• Transfusion dependent: leads to iron overload Iron overload An excessive accumulation of iron in the body due to a greater than normal absorption of iron from the gastrointestinal tract or from parenteral injection. This may arise from idiopathic hemochromatosis, excessive iron intake, chronic alcoholism, certain types of refractory anemia, or transfusional hemosiderosis. Hereditary Hemochromatosis
Hb Hb The oxygen-carrying proteins of erythrocytes. They are found in all vertebrates and some invertebrates. The number of globin subunits in the hemoglobin quaternary structure differs between species. Structures range from monomeric to a variety of multimeric arrangements. Gas Exchange: hemoglobin
Frontal bossing due to excessive need for hematopoiesis

Frontal bossing Frontal Bossing Hydrocephalus in Children due to excessive need for hematopoiesis Hematopoiesis The development and formation of various types of blood cells. Hematopoiesis can take place in the bone marrow (medullary) or outside the bone marrow (extramedullary hematopoiesis). Bone Marrow: Composition and Hematopoiesis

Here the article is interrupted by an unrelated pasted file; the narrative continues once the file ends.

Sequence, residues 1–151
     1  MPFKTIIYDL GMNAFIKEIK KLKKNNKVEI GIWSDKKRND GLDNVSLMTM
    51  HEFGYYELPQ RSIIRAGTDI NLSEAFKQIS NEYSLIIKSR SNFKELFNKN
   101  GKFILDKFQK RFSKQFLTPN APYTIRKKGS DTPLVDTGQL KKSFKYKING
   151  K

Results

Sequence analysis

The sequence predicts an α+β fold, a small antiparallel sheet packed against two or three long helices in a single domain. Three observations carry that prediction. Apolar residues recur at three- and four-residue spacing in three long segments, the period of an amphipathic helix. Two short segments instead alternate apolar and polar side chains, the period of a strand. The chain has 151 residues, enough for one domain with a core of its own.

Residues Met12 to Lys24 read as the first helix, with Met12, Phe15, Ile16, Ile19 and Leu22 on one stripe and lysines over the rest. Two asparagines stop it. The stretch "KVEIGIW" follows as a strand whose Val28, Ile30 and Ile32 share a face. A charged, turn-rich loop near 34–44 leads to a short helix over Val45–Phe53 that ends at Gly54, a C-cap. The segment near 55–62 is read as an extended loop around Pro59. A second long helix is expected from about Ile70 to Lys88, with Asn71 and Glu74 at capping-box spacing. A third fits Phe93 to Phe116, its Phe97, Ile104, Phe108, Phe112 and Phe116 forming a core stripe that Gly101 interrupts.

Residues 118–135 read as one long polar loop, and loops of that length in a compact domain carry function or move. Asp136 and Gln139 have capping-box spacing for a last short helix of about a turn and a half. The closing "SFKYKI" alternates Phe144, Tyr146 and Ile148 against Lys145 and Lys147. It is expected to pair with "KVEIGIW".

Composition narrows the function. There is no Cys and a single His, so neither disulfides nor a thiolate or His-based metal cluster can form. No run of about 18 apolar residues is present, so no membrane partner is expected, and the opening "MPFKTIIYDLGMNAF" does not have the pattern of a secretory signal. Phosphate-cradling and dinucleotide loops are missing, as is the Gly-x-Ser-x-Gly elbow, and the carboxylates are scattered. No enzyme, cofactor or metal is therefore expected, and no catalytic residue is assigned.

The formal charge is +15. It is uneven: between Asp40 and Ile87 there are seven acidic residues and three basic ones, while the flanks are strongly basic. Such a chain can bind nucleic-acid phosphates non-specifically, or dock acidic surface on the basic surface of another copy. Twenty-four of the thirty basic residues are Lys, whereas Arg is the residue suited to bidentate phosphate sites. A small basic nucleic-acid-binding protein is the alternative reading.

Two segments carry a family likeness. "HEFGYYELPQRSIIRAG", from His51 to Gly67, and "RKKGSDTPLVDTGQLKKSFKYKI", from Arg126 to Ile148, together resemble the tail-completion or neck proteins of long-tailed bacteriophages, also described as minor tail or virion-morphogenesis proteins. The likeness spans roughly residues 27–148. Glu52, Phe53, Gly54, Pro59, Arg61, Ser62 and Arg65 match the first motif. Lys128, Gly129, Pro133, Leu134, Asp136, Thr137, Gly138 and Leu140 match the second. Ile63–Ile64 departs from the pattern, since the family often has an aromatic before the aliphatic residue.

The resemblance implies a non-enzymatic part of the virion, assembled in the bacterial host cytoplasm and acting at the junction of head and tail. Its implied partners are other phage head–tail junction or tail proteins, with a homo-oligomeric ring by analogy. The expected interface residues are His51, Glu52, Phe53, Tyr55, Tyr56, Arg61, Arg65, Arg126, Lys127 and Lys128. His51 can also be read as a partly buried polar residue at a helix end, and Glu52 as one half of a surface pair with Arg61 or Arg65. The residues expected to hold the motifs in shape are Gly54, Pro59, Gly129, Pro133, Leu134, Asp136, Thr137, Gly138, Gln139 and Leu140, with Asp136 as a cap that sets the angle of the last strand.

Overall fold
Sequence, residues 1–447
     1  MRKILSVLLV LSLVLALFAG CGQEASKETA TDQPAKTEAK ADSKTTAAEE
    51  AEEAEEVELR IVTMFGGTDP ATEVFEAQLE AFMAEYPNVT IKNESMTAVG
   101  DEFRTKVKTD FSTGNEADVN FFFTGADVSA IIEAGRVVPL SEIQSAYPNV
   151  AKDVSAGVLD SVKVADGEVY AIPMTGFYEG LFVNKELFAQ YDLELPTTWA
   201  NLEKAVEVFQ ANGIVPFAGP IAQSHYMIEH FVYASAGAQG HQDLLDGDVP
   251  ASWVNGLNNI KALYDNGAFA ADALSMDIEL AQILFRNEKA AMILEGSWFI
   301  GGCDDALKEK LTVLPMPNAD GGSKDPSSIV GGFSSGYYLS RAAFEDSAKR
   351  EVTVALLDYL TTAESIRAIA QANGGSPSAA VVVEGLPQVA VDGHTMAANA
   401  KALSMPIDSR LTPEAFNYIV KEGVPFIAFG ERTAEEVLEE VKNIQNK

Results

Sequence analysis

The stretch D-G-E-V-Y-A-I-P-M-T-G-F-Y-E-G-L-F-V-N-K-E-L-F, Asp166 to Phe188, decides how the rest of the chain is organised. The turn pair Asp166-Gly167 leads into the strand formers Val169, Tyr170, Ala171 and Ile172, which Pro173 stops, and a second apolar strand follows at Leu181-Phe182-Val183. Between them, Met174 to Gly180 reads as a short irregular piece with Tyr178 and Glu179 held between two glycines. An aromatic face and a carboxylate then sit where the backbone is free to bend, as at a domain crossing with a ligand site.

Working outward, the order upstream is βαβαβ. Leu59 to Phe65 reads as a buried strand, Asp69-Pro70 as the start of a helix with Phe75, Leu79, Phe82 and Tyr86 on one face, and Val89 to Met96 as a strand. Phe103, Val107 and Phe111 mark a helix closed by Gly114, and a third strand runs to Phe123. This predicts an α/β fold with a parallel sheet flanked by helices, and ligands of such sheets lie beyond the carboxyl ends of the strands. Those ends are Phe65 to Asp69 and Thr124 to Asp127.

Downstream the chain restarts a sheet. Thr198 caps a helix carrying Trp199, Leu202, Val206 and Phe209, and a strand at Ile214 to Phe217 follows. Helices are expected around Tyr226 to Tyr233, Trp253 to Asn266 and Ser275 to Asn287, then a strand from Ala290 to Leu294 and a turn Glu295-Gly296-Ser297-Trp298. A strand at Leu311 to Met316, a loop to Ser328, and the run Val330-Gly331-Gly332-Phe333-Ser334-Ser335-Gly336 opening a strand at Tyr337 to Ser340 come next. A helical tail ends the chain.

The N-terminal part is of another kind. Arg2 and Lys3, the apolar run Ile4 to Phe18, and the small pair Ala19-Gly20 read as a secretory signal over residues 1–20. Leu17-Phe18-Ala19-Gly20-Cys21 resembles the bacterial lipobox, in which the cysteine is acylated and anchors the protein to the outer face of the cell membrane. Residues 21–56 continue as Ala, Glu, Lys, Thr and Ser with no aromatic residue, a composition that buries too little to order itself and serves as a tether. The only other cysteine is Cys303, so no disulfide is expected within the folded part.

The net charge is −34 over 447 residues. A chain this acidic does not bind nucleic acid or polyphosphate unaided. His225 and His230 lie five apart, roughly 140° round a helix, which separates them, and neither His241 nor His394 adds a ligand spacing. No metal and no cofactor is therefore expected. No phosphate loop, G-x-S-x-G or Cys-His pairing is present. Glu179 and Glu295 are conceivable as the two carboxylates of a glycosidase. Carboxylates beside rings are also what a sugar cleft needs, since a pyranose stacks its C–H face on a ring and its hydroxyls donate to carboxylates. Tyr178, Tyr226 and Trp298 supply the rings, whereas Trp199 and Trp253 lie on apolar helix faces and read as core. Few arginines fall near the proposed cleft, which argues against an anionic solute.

Image: “ Frontal bossing Frontal Bossing Hydrocephalus in Children (abnormally enlarged forehead Forehead The part of the face above the eyes. Melasma) in a child” by National Human Genome Genome The complete genetic complement contained in the DNA of a set of chromosomes in a human. The length of the human genome is about 3 billion base pairs. Basic Terms of Genetics Research Research Critical and exhaustive investigation or experimentation, having for its aim the discovery of new facts and their correct interpretation, the revision of accepted conclusions, theories, or laws in the light of newly discovered facts, or the practical application of such new or revised conclusions, theories, or laws. Conflict of Interest Institute (NIH). License: Public Domain

Diagnosis

Initial studies